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Jensen, Merrill; Kaminski, John P.; Saladino, Gaspare J. (ed.) / Ratification of the Constitution by the states: Pennsylvania
2 (1976)

II. The debate over the Constitution in Pennsylvania, 17 September-11 December 1787,   pp. [127]-129

Page 129

the Assembly elections were over, and there are records of meetings
to nominate candidates in several parts of the state. According to
two newspaper accounts, assemblymen who supported the Constitu-
tion deliberately chose not to run for Convention seats. In any event,
not a single "Federalist" assemblyman was elected to the Convention.
Furthermore, James Wilson was the only one of the eight delegates
to the Constitutional Convention who ran for and was elected to
the state Convention.
In contrast, four Antifederalist assemblymen from the 11th and 12th
assemblies, and five Antifederalist councillors from the immediately
preceding Supreme Executive Council and the then sitting Council
were elected to the Convention. All voted against ratification.
The election of Convention delegates on 6 November was a clear
victory for those who called themselves Federalists, a victory that was
widely recognized as deciding the outcome of the Convention before
it began. An indication of the heat of the campaign for Convention
seats was the election night riot in Philadelphia in which a mob
attacked Major Alexander Boyd's boarding house where many of the
western members of the Assembly lodged when the Assembly was in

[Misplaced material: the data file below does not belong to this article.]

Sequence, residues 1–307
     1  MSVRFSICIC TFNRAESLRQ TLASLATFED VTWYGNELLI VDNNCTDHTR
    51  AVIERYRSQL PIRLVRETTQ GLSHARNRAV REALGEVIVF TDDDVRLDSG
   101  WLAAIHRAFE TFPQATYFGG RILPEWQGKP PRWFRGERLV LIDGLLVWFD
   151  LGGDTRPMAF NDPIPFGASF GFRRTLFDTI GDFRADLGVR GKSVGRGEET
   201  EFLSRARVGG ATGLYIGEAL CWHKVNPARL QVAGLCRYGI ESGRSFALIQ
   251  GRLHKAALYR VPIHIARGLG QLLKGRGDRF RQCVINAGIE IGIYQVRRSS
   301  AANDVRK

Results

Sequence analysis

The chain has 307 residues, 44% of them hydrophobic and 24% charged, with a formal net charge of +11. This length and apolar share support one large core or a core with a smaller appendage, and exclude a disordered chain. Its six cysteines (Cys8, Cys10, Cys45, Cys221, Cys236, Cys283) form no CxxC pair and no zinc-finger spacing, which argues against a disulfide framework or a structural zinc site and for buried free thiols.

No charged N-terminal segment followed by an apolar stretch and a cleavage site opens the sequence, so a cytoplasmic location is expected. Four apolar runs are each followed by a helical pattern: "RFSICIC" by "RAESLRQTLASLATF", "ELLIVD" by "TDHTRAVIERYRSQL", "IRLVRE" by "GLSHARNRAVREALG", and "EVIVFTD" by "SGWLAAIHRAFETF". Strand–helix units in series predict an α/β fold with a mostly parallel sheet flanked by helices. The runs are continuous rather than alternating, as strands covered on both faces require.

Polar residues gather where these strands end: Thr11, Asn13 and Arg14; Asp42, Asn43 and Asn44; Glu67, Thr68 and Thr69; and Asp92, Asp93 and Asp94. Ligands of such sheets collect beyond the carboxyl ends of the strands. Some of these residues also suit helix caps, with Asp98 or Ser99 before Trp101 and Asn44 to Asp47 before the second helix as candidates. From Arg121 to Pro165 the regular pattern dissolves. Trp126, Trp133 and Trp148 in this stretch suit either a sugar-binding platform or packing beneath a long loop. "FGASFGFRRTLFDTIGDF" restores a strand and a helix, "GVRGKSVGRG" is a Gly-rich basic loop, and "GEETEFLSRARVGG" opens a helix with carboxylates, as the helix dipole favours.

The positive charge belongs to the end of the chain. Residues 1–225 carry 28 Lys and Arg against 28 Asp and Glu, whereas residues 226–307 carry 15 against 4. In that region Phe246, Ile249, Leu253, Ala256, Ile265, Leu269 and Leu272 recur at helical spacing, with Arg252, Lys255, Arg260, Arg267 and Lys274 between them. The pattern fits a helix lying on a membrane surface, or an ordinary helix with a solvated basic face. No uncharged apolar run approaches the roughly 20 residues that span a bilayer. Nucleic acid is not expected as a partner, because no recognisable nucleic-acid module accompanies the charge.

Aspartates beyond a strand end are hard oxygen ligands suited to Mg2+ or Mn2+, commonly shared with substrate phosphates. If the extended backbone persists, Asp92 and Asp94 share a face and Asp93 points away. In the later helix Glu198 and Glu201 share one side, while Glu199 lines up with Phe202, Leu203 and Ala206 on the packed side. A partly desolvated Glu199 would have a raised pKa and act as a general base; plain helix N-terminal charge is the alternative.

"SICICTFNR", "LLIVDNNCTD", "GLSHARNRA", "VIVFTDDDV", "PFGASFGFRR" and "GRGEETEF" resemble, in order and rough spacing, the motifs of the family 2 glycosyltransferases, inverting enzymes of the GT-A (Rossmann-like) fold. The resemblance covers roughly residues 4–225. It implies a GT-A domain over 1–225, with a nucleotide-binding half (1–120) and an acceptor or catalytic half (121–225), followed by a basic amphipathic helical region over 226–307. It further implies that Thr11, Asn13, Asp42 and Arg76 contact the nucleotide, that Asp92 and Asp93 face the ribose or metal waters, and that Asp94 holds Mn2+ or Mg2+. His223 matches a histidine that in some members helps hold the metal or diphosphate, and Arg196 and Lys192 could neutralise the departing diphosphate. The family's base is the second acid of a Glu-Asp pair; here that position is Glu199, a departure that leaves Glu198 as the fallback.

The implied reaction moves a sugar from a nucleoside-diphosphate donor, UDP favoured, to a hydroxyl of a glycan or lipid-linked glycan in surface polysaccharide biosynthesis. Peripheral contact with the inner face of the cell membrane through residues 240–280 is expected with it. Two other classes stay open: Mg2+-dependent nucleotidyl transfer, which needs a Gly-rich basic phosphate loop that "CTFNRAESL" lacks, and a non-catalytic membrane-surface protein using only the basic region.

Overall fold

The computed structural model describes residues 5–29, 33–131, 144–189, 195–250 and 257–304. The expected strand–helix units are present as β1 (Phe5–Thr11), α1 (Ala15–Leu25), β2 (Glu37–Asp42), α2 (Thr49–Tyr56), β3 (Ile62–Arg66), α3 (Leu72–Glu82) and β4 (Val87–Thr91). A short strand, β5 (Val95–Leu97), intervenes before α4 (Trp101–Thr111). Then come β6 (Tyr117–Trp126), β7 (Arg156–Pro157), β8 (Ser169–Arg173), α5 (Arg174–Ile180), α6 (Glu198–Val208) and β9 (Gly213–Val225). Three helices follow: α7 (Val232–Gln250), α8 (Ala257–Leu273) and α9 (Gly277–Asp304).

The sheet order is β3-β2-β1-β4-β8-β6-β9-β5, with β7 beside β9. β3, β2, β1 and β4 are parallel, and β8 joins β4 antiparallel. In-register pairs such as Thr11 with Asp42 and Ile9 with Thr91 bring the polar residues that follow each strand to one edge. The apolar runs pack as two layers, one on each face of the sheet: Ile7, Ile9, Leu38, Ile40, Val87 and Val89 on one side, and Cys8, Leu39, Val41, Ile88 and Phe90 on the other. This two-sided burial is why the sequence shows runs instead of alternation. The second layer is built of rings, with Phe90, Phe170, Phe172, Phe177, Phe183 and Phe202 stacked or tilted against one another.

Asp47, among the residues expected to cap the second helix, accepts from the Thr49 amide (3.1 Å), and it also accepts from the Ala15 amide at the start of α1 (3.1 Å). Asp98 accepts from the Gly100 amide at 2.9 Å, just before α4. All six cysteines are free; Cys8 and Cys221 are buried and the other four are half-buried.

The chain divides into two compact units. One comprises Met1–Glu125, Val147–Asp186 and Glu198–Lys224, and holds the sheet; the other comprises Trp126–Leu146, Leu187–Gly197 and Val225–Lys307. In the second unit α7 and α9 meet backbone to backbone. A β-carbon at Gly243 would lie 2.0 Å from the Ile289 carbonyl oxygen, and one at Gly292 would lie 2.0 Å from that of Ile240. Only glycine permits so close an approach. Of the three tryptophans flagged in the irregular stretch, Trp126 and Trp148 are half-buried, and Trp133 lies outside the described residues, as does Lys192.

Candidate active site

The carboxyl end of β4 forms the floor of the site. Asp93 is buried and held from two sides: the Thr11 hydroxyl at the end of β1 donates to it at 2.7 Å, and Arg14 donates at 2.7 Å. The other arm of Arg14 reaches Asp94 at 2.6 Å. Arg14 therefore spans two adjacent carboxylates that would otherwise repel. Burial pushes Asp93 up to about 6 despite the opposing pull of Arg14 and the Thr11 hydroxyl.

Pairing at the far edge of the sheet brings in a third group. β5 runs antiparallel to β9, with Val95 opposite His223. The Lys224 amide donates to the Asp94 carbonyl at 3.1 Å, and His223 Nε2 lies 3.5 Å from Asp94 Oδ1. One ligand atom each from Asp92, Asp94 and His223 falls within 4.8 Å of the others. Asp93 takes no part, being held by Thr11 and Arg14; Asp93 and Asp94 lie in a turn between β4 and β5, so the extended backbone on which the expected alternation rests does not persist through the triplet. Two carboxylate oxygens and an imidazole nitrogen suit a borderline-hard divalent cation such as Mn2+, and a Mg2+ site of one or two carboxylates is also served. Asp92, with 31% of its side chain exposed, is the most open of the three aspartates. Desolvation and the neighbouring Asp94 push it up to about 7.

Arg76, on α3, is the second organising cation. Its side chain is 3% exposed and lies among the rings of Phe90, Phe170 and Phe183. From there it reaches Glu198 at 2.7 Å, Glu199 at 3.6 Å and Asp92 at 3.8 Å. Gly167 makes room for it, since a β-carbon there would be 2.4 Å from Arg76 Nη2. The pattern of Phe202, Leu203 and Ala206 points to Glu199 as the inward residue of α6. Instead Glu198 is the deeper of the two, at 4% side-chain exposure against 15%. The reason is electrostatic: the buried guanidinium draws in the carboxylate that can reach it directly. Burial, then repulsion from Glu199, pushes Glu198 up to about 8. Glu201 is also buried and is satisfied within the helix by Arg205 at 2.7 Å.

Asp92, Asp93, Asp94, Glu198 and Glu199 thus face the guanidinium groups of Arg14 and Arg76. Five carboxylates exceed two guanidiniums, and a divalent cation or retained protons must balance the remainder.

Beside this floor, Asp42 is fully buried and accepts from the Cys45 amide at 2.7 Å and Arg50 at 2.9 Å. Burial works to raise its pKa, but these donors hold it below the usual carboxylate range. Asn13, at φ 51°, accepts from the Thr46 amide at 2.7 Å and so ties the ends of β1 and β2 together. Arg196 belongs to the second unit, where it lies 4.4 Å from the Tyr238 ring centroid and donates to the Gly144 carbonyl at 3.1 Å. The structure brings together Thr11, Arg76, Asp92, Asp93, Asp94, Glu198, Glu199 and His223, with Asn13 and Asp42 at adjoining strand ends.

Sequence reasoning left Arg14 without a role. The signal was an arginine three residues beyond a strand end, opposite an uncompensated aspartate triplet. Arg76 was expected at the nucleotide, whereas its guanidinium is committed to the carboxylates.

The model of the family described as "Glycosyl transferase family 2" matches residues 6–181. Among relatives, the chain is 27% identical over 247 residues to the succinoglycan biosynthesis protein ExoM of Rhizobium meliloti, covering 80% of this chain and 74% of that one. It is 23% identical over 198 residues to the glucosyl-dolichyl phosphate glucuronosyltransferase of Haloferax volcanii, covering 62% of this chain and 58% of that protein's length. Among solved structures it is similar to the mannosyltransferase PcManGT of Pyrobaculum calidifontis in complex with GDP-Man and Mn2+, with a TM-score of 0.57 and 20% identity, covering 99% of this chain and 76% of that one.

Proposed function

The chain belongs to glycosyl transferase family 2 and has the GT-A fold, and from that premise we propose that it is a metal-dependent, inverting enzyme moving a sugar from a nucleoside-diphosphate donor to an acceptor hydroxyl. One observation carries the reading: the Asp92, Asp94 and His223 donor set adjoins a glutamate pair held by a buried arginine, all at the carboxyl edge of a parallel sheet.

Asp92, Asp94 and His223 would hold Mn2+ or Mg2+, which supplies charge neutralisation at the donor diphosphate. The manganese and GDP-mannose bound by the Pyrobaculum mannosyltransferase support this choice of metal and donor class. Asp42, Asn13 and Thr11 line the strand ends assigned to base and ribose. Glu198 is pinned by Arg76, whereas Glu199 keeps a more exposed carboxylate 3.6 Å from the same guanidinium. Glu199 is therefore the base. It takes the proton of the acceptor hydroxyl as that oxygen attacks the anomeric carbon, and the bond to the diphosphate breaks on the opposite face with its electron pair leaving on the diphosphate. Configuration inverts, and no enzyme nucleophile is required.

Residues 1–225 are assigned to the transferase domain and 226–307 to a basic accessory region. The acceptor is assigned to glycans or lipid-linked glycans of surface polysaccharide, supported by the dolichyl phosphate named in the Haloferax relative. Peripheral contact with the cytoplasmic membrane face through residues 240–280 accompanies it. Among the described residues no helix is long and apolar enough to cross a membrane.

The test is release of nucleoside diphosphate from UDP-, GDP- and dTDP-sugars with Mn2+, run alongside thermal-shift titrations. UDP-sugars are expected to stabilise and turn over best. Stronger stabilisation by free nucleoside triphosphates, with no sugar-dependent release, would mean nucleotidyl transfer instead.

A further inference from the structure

session. The march of a mob on Boyd's house on 29 September and
the return of two seceding members to the Assembly by the mob was
publicized throughout the United States, but not a single Philadelphia
newspaper reported the riot on election night, 6 November.
In November, prior to the Convention, opponents of the Constitu-
tion in the new Assembly tried to establish the requirement that the
quorum in the Convention be two-thirds of the elected members, the
constitutionally required quorum for the Assembly. The attempt
failed, as did an effort to block adjournment of the Assembly while
the Convention was in session.
From the adjournment of the Constitutional Convention on 17
September to the meeting of the state Convention on 20 November,
the Constitution was debated from many points of view. However,
by mid-October a central issue was that of amendments to the Consti-
tution and, particularly, the need for or lack of a need for a bill of
rights. By the time the Convention met on 20 November, most of
the arguments that were to be used in the Convention debates had
been set forth repeatedly and at length. The newspaper debate con-
tinued after the Convention met, but there is no evidence that it
had any effect on either the debates or the decisions of the Conven-
tion. On the other hand, the decision of the Convention to ratify the
Constitution did not diminish the public debate, which continued
for months after the Convention adjourned on 15 December 1787.

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